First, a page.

Spain's Marca reports that, after the Canadian grand prix, Mattiacci had an angry exchange with Pat Fry, whose technical role at Ferrari has been in doubt for several months since the arrival of James Allison, who leads the 2015 project.

Marca claims Briton Fry offered to resign after the Montreal row.

"It's rubbish," a spokesman insisted. "Do not listen to these rumors."

Mattiacci, however, does not deny that a frank exchange after Canada took place, as Ferrari plots a desperate course to improve.

"I like meetings where people talk openly and honestly and no one is silent," he told Spanish television in Austria.

"After Canada, we held meetings to discuss our weaknesses and in what direction we should go for the future."

That is because, although Raikkonen wants more "power", Mattiacci said Ferrari needs to work on every single area of the car for 2015, not just the underperforming engine.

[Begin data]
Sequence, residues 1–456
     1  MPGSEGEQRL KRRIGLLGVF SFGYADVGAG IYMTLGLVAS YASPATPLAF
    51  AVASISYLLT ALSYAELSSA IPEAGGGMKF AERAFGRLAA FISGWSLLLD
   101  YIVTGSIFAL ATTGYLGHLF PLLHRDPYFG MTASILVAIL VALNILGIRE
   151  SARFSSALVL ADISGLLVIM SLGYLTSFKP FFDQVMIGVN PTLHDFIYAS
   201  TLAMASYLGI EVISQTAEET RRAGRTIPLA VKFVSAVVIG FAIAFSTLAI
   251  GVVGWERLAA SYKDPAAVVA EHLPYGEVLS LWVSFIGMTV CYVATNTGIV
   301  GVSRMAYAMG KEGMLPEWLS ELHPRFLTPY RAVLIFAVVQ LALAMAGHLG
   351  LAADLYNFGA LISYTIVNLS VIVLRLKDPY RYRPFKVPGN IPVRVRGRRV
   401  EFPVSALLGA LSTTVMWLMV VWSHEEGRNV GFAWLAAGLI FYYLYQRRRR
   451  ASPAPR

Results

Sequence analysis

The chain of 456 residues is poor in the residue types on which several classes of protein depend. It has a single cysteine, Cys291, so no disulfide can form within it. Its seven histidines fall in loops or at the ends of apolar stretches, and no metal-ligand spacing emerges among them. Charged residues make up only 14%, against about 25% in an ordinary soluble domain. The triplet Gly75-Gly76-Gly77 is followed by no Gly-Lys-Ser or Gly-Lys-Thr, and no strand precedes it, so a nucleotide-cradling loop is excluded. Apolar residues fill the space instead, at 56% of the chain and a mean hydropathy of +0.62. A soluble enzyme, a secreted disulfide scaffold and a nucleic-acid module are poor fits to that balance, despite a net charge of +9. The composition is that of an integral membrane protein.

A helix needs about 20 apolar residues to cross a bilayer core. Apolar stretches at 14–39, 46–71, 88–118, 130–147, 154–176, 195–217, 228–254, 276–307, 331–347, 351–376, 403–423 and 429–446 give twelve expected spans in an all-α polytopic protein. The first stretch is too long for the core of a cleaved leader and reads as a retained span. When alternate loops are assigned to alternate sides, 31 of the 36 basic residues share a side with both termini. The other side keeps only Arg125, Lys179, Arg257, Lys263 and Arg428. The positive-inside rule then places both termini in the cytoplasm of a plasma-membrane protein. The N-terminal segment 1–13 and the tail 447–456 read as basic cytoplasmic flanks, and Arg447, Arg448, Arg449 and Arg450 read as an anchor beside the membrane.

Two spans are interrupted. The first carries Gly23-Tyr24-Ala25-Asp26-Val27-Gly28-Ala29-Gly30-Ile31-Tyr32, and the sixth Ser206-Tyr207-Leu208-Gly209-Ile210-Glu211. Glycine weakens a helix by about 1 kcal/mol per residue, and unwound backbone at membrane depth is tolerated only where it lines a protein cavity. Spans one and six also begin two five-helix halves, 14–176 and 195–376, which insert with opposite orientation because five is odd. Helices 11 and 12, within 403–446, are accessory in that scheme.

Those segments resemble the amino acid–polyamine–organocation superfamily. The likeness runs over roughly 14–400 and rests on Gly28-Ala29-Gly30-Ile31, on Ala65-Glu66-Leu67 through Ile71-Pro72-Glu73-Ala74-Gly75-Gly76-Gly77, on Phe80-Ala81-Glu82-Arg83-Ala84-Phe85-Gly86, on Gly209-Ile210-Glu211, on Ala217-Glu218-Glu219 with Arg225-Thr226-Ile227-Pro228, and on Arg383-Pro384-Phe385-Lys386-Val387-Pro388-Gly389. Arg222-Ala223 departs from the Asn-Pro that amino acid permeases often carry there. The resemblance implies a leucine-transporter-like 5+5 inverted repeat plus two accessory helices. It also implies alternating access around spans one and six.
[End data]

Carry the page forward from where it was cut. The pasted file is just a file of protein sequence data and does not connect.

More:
"I would not isolate one area," he said. "I do not think that all of our problems are related to the engine, although the one Mercedes has produced is excellent."

Indeed, in Austria, Mercedes-powered cars totally dominated the top seven finishing positions — with the only exception being Fernando Alonso in fifth place.

He may not have a winning car, but – when it comes to driver skill – Alonso has the respect of the entire paddock.

Asked how satisfying that is, he answered on Sunday: "Not much, to be honest. It's been like that for five years.

"There is always a satisfaction that everyone believes you are doing the maximum in the work you do — drivers, team bosses, fans.

"But I would rather have less respect and more trophies."

Alonso is quoted by AS newspaper as admitting that closing the gap to Mercedes in 2014 is "impossible".

2015, however, is another thing, despite rumors he is desperate for a change of scene after five barren years in red.